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Journal of Youth and Adolescence

Adam A Rogers, Kit K Elam, Laurie Chassin, Ariel Sternberg, Leena Bui
Adolescent alcohol use is related to disinhibition traits and family environments. However, research is scarce on whether these factors predict alcohol use trajectories distally, from early adolescence into early adulthood. We examined whether sensation seeking and parenting environments in early adolescence predicted adolescents' alcohol use trajectories proximally (middle-adolescence) and distally (early adulthood). Using four waves of data from 345 adolescents (51.3% female; 80% white) and their primary caregivers, we estimated adolescents' alcohol use trajectories and examined variability in these by sensation seeking and parental control...
June 15, 2018: Journal of Youth and Adolescence
Verena Klein, Inga Becker, Aleksandar Štulhofer
Sexual agency (i.e., the ability to make decisions and assertions related to one's own sexuality) is associated with sexual health enhancing outcomes. Given that young women are expected to act passively, rather than with agency when it comes to sexual encounters, the present study aimed to explore whether parental support, knowledge, and communication about sexuality during late adolescence contribute to an enhancement of sexual agency in a sample of young women in the long-term. Using a longitudinal design (panel study), 320 female participants who participated in three data collection waves (T1, T2, and T5) were included in the analyses (Mage  = 16...
June 7, 2018: Journal of Youth and Adolescence
Yoonsun Choi, Michael Park, Jeanette Park Lee, Miwa Yasui, Tae Yeun Kim
Acculturation strategy, a varying combination of heritage and mainstream cultural orientations and one of the significant determinants of youth development, has been understudied with Asian American youth and particularly at a subgroup-specific level. This study used person-oriented latent profile analysis (LPA) to identify acculturation strategy subtypes among Filipino American and Korean American adolescents living in the Midwest. Associations between the subtypes and numerous correlates including demographics, family process and youth outcomes were also examined...
June 7, 2018: Journal of Youth and Adolescence
Jasmine Fardouly, Natasha R Magson, Carly J Johnco, Ella L Oar, Ronald M Rapee
Time spent on social media and making online comparisons with others may influence users' mental health. This study examined links between parental control over the time their child spends on social media, preadolescents' time spent browsing social media, preadolescents' appearance comparisons on social media, and preadolescents' appearance satisfaction, depressive symptoms, and life satisfaction. Preadolescent social media users (N = 284, 49.1% female; aged 10-12) and one of their parents completed online surveys...
June 5, 2018: Journal of Youth and Adolescence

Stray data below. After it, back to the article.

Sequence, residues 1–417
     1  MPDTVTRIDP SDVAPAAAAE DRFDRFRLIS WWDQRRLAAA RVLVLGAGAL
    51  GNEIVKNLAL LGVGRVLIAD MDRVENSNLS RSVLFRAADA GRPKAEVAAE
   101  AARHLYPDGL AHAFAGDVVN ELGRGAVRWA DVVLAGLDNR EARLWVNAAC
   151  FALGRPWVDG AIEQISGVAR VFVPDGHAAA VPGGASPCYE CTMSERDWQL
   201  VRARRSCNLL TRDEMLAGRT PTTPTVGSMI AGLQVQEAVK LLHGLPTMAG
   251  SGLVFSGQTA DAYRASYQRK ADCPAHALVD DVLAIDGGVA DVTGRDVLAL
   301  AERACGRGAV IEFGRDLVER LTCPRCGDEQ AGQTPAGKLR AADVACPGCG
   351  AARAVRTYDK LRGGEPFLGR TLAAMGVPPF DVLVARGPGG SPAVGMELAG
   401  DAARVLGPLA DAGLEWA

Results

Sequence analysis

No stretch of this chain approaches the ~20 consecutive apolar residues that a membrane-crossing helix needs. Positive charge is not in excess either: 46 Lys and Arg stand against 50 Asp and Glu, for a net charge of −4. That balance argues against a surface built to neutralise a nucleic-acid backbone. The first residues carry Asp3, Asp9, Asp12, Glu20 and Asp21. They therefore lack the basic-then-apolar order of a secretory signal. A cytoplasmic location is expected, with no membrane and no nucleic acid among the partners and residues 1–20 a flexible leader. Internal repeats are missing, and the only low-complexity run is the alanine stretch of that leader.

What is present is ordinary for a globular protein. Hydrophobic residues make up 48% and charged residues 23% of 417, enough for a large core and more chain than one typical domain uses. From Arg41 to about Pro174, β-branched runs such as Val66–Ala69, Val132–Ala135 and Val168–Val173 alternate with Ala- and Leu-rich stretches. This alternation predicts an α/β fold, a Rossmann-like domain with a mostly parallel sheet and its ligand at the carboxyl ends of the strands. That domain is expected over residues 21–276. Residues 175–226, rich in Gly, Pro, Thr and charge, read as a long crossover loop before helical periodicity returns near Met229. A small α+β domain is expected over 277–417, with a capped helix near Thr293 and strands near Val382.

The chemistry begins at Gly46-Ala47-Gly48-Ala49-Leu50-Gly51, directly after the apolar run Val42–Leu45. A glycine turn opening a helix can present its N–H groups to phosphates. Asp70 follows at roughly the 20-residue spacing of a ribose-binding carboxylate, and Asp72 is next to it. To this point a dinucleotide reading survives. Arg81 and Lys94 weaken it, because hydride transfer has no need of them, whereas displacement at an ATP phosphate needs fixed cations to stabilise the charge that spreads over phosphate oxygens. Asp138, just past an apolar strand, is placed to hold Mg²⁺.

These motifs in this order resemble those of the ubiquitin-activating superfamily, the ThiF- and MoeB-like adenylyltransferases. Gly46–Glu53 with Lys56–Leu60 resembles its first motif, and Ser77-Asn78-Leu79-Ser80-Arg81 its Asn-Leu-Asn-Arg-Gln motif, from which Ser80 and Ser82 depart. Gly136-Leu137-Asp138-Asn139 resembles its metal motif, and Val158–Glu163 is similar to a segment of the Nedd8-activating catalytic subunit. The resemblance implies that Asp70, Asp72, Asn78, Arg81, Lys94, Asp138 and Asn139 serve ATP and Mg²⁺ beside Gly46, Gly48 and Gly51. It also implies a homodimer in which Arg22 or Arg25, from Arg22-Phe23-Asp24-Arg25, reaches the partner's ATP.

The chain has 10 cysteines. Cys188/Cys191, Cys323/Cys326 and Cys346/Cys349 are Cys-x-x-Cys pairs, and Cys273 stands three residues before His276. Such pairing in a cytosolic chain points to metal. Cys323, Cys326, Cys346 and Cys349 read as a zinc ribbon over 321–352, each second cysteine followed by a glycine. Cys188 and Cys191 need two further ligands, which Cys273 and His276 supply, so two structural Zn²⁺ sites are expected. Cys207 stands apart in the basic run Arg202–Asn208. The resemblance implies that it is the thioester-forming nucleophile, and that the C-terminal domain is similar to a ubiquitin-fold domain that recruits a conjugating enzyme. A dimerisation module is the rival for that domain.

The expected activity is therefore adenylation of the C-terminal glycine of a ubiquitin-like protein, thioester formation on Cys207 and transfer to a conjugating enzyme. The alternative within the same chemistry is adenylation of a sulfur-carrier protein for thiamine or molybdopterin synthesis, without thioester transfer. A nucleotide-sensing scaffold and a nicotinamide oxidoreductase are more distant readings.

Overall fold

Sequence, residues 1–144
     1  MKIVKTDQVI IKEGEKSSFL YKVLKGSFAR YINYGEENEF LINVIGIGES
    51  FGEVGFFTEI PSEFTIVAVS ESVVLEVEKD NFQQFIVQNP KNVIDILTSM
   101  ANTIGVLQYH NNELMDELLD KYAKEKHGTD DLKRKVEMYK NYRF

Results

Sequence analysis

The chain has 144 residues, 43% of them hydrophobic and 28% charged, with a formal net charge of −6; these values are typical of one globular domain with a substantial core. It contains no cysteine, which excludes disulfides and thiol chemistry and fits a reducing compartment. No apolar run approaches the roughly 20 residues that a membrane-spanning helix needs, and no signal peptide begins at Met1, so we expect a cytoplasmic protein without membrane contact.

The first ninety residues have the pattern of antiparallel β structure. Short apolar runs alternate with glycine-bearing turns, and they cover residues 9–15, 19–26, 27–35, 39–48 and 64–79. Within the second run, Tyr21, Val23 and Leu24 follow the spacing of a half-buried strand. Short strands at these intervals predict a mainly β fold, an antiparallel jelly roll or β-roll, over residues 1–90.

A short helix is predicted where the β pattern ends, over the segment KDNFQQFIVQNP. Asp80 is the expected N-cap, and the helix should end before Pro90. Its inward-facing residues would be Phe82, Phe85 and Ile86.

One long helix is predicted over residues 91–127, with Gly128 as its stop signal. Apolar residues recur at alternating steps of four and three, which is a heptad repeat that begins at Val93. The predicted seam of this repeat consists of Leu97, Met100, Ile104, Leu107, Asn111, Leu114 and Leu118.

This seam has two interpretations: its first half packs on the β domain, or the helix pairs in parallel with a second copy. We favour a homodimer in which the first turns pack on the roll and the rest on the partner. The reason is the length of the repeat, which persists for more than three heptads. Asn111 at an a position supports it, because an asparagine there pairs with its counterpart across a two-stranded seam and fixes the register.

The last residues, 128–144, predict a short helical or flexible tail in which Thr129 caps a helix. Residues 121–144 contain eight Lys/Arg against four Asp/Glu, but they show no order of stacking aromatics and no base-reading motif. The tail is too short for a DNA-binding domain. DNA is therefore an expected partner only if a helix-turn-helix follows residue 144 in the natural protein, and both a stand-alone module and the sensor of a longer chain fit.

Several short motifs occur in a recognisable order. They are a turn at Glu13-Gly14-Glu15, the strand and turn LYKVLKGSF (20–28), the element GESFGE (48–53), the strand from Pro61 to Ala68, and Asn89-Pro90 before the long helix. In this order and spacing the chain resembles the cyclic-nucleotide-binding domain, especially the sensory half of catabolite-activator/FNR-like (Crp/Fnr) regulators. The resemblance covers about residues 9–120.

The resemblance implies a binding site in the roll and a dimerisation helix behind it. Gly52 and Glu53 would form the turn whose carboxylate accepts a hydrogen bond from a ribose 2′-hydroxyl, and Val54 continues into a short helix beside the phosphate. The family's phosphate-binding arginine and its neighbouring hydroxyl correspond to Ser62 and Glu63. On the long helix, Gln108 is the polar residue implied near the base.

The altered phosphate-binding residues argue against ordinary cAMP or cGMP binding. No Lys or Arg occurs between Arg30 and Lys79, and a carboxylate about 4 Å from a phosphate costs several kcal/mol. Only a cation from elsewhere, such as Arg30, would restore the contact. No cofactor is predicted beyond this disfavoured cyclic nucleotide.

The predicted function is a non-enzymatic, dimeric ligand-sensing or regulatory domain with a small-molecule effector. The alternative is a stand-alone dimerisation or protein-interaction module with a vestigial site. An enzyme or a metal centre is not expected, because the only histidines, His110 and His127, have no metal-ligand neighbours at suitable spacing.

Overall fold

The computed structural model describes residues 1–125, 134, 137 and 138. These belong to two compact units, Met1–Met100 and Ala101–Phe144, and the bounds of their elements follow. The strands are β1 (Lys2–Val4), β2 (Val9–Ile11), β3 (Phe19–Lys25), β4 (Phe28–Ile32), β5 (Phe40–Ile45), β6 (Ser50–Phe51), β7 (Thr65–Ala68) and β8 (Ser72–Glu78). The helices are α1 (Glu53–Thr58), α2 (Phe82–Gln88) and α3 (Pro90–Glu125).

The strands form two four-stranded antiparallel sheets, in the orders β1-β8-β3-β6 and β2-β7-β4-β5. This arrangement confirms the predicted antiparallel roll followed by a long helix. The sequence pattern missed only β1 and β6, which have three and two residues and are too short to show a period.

Jack K Day, Amaya Perez-Brumer, Stephen T Russell
The magnitude of gender identity-related disparities in school-based outcomes is unknown because of a lack of representative studies that include measures of gender identity. By utilizing a representative sample generalizable to a broader population, this study elucidates the size of gender identity-related disparities, independent of sexual orientation, in school experiences associated with school connectedness and perceptions of school climate. Additionally, the inclusion of and comparison to results of a large non-representative sample allows for more direct comparisons to previous studies of the school experiences of transgender youth...
June 1, 2018: Journal of Youth and Adolescence
Jennifer Pearson
Adolescence is a critical period for sexual development, and previous research demonstrates that school cultures play an important role in shaping adolescent sexual behavior. However, little is known about the role of school context for developing sexual attitudes and sexual sense of self. This study explores how sexual cultures that emerge within high schools shape the sexual development of young women during the transition to adulthood. Using three waves of data from the National Longitudinal Study of Adolescent to Adult Health, a sample of 9th to 12th graders in U...
May 31, 2018: Journal of Youth and Adolescence
Hye-Young Yun, Sandra Graham
Adolescents' defending behaviors in school bullying situations is likely determined by individual characteristics, social status variables, and classroom/school contextual factors operating simultaneously in the peer ecology. However, there is little research on defending behavior that utilizes this multilevel approach. This study investigated how students' willingness to defend victims of bullying was affected by feelings of empathy, perceived popularity, and classroom-level perceived prosocial norms. Participants were 1373 adolescents (40% girls, Mage: 14 yrs) from 54 classrooms in six middle schools in South Korea...